Ignoble Words of Ethical Wisdom
Lying just beneath the surface there is still another basic aspect within the Northern Philosophy of Life that is of equal import as any of the other myriad aspects within our Tradition. It is essentially a list of moral traits that were meant to be a guideline for everyday life, nothing more, which is, aptly enough, entitled "The Rede of Honor."
Yet, also keep in mind that there are indeed other, more readily accepted styles of ethical reasonings such as the Nine Inner Merits of Virtue and also what is known as the Six Fold Goal. There are portions within the Havamal of the Poetic Edda, too, which can quite easily be seen as an interpretive representation of proper Northern hospitality and trú ettiquette, having a few choice words of witful wisdom thrown in.
Although there are indeed some Asatruar who do not readily give the following codified rede of virtues much credit (and even less credit to the author) Ida and I do feel that this particular tenet is indeed a viable necessity for those who are new to the Northern Ways. Those who are just coming in from other, more rigidly stiff Traditions would do well to peruse through the Rede so as to grasp a better understanding of just what is of obvious import, however 'fluffy' they may happen to appear on the general surface.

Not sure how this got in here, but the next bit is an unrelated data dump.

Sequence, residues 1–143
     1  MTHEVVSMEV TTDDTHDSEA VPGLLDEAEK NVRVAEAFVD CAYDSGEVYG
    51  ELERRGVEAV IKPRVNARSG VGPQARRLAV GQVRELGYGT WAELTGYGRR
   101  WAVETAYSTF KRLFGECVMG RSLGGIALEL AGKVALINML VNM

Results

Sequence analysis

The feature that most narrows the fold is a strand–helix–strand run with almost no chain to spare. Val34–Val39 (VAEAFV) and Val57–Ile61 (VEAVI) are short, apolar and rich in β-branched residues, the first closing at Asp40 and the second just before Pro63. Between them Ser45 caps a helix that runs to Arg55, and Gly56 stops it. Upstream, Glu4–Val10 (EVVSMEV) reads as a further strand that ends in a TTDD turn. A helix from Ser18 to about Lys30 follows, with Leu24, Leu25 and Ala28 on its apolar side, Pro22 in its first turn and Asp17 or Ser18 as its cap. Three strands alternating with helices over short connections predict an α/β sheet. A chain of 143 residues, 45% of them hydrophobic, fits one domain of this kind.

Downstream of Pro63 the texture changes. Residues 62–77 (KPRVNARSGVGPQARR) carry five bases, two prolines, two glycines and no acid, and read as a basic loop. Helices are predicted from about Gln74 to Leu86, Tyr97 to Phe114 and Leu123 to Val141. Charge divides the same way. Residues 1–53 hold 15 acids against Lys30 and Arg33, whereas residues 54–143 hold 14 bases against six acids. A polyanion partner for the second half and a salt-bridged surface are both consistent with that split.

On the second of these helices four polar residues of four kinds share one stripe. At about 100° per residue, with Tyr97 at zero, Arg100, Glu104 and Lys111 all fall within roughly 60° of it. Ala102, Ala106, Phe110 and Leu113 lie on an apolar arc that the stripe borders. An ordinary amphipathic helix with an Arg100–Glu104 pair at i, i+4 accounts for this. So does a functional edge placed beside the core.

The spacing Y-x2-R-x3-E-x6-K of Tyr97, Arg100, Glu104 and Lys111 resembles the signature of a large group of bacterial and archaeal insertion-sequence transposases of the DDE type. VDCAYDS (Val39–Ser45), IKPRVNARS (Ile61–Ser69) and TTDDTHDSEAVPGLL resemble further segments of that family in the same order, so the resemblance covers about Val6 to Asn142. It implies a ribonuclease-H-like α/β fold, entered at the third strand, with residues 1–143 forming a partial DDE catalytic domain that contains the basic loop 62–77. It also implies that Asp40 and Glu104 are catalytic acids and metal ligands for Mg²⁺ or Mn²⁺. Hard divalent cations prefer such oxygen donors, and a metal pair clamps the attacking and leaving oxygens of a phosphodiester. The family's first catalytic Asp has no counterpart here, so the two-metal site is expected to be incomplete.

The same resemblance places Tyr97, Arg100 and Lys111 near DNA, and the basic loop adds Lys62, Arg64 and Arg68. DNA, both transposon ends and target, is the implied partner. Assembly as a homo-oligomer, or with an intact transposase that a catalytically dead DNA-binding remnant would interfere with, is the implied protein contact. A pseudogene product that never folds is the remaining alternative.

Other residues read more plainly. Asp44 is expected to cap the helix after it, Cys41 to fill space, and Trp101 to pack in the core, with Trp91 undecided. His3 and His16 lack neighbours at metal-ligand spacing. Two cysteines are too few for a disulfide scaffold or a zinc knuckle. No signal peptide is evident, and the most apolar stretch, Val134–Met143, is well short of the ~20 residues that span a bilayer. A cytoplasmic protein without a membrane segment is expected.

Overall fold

The Rede of Honour
- In all that you do, consider its benefit or harm upon yourself, your children and your people.
- All that which you do will return to you, sooner or later, for good or for ill. Thus strive always to do good to others, or at least strive always to be just.
- Be honest with yourself, and with others. "This above all; to thine own self be true."
- Humankind, and especially your own family and folk, has the spark of divinity within it. Protect and nurture that spark.
- Give your word sparingly, and adhere to it like iron.
- In the world, your first trust and responsibility should be to your own people. Yet, be kind and proper to others whenever possible.
- What you have, HOLD!
- Pass on to others only those words which you have personally verified.
- Be honest with others, and let them know that you expect honesty in return, always.
- The fury of the moment plays folly with the truth; to keep one's head is a virtue.
- Know which battles should be fought, and which battles should be avoided. Also, know when to break off a conflict. There are times when the minions of chaos are simply too strong or when fate is absolutely unavoidable.
- When you gain power, use it carefully and use it well.
- Courage and honor endure forever. Their echoes remain when the mountains have crumbled to dust.
- Pledge friendship and your services to those who are worthy. Strengthen others of your people and they will strengthen you.